Gayle Luna is in the process of putting together a local organization that will help pet owners to understand the importance of properly caring for their animals.
Luna adopted Cheyenne and her eight puppies from Lorie Hubbard, the Fritch woman who once had more than 75 animals on her property. Not long after, Dr. Rob Barrenger of Palo Duro Animal Hospital tested Cheyenne and found out she suffers from anaplasma marginale, a tick-borne disease affecting the dog's blood. Now, Luna is paying hundreds of dollars in veterinary bills.
"She was life-threateningly anemic," Dr. Ballenger stated. "She certainly is responding well to treatment so far. She is not out of the woods, but she's looking a lot better than she was."
Though Luna said she does not regret adopting the dog, she pointed out vet bills are a big reason many people end up surrendering their pets.
"If you take an animal from somebody, you need to be aware that there are going to be costs. No pet is free and if you're going to be a responsible pet owner you have to understand that."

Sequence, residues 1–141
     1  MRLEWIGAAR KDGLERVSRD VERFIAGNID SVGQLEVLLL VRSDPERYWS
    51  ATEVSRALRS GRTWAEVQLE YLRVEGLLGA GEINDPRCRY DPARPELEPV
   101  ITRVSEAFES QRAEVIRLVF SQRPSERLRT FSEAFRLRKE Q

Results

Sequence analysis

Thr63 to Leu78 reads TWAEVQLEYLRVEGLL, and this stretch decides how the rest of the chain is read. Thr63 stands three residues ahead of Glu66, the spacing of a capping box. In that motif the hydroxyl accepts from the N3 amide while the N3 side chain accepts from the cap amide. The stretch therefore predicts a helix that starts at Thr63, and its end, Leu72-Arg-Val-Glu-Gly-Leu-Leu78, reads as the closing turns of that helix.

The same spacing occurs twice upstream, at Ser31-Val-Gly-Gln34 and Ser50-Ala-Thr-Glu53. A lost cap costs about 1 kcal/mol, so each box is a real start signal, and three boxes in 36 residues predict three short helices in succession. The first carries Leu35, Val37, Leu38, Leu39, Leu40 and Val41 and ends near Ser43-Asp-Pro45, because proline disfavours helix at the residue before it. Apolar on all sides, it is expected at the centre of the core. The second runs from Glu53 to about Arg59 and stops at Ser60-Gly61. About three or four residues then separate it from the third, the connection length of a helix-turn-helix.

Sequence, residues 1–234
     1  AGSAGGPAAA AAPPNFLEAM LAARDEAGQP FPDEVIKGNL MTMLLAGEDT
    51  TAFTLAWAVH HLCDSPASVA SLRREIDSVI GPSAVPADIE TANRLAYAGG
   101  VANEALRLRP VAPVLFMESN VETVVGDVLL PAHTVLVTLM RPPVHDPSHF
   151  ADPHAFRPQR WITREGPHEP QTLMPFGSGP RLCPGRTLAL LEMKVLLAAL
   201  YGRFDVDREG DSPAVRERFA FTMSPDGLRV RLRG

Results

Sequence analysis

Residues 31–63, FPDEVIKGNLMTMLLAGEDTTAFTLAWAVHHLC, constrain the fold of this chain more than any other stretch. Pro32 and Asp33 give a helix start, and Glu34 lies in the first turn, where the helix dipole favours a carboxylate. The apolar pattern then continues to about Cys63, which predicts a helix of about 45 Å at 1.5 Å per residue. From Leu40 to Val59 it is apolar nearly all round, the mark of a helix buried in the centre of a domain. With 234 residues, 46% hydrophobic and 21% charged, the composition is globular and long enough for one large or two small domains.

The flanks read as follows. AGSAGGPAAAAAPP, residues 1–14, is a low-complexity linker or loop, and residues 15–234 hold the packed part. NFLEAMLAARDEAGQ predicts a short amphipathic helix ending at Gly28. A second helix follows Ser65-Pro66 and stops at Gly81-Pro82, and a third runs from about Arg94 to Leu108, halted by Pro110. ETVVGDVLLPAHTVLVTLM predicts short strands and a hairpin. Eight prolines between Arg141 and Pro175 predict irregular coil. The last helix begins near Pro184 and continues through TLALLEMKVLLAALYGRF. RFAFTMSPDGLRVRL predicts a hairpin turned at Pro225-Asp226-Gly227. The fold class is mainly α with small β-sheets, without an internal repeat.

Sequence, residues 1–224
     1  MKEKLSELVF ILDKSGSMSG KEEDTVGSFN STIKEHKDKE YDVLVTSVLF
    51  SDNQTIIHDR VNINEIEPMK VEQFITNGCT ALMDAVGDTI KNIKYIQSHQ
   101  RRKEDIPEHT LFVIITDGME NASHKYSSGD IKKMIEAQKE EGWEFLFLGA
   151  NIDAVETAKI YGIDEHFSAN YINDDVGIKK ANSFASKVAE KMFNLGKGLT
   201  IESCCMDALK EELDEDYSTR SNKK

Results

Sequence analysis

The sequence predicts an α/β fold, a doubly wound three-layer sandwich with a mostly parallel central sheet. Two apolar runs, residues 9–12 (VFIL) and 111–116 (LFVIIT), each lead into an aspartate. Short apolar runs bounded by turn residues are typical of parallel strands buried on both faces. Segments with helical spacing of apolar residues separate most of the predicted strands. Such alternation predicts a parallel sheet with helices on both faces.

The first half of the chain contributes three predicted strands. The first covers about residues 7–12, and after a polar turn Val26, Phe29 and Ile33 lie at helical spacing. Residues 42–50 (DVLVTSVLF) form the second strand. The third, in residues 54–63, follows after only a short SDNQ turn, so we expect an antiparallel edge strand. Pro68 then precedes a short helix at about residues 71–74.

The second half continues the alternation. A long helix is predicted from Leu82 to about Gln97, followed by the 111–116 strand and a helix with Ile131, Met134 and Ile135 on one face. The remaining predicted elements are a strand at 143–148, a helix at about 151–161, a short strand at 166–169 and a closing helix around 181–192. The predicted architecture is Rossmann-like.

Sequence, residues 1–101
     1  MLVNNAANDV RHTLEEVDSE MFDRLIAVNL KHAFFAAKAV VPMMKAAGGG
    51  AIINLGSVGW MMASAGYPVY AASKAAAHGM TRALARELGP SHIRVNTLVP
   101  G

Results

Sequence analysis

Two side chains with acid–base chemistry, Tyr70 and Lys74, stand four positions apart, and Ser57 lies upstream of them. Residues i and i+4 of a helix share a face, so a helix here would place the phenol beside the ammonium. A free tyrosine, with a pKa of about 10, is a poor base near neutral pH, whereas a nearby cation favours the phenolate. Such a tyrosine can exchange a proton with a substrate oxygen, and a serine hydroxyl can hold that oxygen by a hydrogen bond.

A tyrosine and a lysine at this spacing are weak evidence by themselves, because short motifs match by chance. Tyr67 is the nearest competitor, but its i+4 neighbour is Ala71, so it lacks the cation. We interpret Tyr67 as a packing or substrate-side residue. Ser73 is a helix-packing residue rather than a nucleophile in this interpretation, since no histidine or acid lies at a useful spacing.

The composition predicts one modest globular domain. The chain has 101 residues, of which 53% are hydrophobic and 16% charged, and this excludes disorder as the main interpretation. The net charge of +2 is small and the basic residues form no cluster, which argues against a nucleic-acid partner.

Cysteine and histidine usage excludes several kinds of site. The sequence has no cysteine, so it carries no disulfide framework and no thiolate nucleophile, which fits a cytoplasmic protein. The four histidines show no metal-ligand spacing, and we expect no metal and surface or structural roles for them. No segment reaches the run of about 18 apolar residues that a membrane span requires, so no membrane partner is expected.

Now that she is experiencing this first-hand, Luna has even more incentive to get her organization, Panhandle Paws of Hope, up and going. The non-profit will focus on educating pet owners about the importance of doing more for their pets than feeding and watering. Yearly shots, exams and proper shelter will be among the highlighted topics. Dog food will be given to animals in need, and Luna said it is possible some funding could also be available for minor vet bills. The goal is to help animals like Cheyenne so they will not have to be taken to a shelter.
"They all need homes, Luna cried. "It doesn't matter if they're in Fritch, Canyon, Panhandle, Bushland- they all deserve a chance. And that's the purpose of our group is to help those that slip through the cracks."
The organization will make its first appearance next week in Canyon at the 4th of July parade. Luna said she currently has some animals that are needing homes- they will be walking in the parade and will be available for adoption afterward. A booth will be set up in the square where people can learn about the non-profit and show their support.
"Pets don't have a voice," Luna added. "People can take care of themselves to a degree. But, a lot of the time, pets are put to the side."
Panhandle Paws of Hope does not currently have a website or Facebook page, but Luna said both will soon be constructed to help spread the word.